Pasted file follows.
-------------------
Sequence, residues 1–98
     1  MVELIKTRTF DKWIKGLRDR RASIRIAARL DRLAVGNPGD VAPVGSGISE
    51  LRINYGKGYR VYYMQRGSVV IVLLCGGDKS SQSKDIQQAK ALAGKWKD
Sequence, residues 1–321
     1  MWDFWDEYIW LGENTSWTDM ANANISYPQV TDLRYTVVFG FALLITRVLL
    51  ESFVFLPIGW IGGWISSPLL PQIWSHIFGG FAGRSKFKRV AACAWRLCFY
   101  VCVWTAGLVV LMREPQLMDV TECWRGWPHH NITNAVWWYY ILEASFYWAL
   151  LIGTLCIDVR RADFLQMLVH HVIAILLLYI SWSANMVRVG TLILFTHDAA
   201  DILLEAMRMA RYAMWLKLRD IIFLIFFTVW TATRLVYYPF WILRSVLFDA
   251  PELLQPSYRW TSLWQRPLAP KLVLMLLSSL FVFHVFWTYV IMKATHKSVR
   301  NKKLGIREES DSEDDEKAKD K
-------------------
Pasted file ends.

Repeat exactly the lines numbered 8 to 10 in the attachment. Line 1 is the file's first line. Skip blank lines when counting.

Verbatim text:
   151  LIGTLCIDVR RADFLQMLVH HVIAILLLYI SWSANMVRVG TLILFTHDAA
   201  DILLEAMRMA RYAMWLKLRD IIFLIFFTVW TATRLVYYPF WILRSVLFDA
   251  PELLQPSYRW TSLWQRPLAP KLVLMLLSSL FVFHVFWTYV IMKATHKSVR